The second step is the celebration of Mass ad orientem. It is impossible not to ‘play to the audience’ when Mass is offered facing the people, because we naturally focus the mind on what the eyes see in order to make cognitive sense of what is seen.
The third step is use of music that is ‘other’ than pop tunes and songs, which reflect the popular culture of man, not heaven. Chant, as the music given to the world by the Church and as required by Vatican II, must be restored. It is ingenious to claim to be ‘a Vatican II man’ when the Council’s liturgical decrees are deliberately flouted or left unimplemented simply because one cannot think beyond the box in which one was formed. We ought not to sing at every moment, for that would be to omit the sacred silence necessary for good liturgy; that silence which reflects the Presence of God among us. As scripture says, “The Lord is in His holy temple; let all the earth keep silence before Him” (Habakkuk 2v20).
The fourth step is the deportment of the priest and his ministers. When altars are used as desks for Fathers spectacles, hymn book, bulletin, glass of water etc., we symbolically tell the people that the mensa is just another working surface and not the Altar of Sacrifice (an aside: notice how many people speak of the sanctuary as the altar? “Johnny is on the altar today”). Assisting Ministers (servers and deacons) should have the dignity of the Palace Guard, by which we do not mean ‘rigid’, but erect. Priests too must learn to conduct themselves with the same dignity and grace in both gesture and pace of movement, by which we do not want to see them effeminately prancing around but moving with the dignity of the soldier approaching his King to be knighted. Priests should also learn to utter the texts of the Mass prayerfully, not as though they were lecture notes. Ministerial attire also needs attention. Beautiful vestments for the priests are works of art which instruct, while servers should return to wearing the cassock and cotta rather than an alb –which is the undergarment of clergy vestments; albs are not attire in themselves.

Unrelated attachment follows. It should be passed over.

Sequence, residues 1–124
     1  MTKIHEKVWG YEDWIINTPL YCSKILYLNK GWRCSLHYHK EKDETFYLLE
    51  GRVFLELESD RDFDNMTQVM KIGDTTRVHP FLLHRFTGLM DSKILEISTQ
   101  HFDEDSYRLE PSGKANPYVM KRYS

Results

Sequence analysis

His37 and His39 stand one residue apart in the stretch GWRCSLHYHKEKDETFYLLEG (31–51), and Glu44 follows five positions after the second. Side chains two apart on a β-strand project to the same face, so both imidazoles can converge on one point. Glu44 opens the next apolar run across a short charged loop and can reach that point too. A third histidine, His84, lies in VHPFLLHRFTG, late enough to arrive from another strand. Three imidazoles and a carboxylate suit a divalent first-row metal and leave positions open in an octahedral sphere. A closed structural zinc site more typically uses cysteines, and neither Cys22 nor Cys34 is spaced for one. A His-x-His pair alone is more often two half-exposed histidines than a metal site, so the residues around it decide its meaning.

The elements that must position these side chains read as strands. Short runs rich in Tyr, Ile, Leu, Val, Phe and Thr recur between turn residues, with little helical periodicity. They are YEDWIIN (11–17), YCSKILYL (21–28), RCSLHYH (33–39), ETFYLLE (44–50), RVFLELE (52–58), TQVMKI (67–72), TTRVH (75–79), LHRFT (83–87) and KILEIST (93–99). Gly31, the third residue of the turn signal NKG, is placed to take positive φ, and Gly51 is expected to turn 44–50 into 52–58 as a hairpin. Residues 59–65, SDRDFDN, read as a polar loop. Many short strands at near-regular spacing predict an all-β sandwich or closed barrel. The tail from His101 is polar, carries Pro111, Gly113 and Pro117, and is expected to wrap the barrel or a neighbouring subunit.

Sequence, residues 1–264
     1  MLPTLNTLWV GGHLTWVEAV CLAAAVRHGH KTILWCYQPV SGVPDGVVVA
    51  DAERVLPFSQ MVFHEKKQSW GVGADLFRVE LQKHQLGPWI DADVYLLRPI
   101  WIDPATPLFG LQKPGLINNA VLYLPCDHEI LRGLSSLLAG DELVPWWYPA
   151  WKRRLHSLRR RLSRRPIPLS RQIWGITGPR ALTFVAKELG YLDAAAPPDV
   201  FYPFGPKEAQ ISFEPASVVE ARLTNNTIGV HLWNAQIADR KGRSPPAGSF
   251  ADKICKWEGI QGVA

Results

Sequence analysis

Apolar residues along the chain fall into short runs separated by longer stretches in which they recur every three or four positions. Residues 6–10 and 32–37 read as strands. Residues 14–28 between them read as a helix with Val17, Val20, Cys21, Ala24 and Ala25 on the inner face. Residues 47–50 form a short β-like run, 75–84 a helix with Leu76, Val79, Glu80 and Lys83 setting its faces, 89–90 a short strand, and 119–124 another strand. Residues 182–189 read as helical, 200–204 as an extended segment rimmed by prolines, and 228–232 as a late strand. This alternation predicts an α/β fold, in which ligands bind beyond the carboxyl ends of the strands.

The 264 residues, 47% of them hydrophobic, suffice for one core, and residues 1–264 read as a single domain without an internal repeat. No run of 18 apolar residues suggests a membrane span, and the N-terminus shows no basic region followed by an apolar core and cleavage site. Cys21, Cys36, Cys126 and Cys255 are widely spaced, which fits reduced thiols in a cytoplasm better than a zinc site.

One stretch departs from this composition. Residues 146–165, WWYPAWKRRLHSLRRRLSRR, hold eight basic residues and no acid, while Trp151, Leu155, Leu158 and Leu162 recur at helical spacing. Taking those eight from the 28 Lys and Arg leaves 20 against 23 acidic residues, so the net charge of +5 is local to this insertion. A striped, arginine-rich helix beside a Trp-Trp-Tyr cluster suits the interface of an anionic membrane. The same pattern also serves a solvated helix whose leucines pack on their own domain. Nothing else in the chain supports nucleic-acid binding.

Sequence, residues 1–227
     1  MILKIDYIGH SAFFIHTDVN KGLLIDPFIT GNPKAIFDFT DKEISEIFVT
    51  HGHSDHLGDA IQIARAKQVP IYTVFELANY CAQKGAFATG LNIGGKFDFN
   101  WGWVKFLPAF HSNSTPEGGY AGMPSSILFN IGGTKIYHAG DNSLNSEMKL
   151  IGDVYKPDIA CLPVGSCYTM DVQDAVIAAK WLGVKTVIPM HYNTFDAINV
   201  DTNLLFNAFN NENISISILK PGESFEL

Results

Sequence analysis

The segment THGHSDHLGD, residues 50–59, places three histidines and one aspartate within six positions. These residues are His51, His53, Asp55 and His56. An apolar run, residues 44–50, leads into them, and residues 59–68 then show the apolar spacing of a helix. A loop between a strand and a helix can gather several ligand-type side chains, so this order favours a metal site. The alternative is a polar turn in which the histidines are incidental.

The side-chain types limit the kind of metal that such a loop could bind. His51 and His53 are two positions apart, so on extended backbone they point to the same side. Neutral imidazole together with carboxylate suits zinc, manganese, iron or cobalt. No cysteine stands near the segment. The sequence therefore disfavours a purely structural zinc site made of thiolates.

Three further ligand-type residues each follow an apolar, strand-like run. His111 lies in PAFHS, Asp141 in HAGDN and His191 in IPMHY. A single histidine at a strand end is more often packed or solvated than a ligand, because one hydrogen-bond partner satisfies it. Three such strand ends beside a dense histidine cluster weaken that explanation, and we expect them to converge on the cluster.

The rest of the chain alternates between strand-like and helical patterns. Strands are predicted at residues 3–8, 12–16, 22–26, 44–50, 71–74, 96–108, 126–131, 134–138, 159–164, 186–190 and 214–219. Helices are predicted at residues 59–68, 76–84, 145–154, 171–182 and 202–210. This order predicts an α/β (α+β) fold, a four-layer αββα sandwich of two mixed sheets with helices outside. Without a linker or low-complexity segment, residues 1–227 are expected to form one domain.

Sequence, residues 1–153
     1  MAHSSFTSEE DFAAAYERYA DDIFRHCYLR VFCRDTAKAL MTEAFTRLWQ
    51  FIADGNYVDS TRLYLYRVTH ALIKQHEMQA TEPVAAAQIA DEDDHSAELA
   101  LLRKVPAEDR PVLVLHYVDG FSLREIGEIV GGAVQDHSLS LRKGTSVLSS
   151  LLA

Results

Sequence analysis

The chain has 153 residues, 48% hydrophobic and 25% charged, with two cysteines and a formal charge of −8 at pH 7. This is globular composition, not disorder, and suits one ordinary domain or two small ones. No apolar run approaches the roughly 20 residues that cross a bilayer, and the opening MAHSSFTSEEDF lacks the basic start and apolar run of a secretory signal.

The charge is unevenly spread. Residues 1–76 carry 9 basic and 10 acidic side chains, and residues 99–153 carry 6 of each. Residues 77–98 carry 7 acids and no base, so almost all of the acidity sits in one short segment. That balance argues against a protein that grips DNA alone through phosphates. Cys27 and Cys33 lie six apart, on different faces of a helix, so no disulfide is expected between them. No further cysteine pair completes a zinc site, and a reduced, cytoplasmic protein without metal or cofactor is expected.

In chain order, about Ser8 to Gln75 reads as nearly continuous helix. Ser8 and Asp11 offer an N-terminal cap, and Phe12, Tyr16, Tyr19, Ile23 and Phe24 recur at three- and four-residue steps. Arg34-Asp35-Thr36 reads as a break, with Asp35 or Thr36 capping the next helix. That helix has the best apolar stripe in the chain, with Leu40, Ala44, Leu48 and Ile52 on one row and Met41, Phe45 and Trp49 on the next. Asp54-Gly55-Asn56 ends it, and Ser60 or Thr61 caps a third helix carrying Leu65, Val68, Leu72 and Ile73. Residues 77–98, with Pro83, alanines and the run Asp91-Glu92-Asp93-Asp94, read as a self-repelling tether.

Finally, reception of Holy Communion kneeling and on the tongue is the only way to symbolically inform those receiving that this is not common bread which we may take in our hands without thinking; nor is it a ticket we take to gain entry to the cinema. It is God Incarnate, the Lamb of God Sacrificed and Risen (Rev.5v6). Reception in the mouth is not infantile but reminiscent of lovers where one places food in the mouth of the other in an intimate manner. Further, kneeling for Holy Communion was the only time many people got to touch the holy of holies. When we receive standing, none who are not ordained to it get to touch the sanctuary except the chosen few. Reception on the tongue while kneeling is a witness to the Real Presence, and gives us another meaning to the text of sacred scripture that “every knee shall bend and every tongue confess...” (Philip.2v10).
We occasionally still hear some speak of ‘Holy Mass’, but I don’t think we often see it celebrated that way. It is time we did.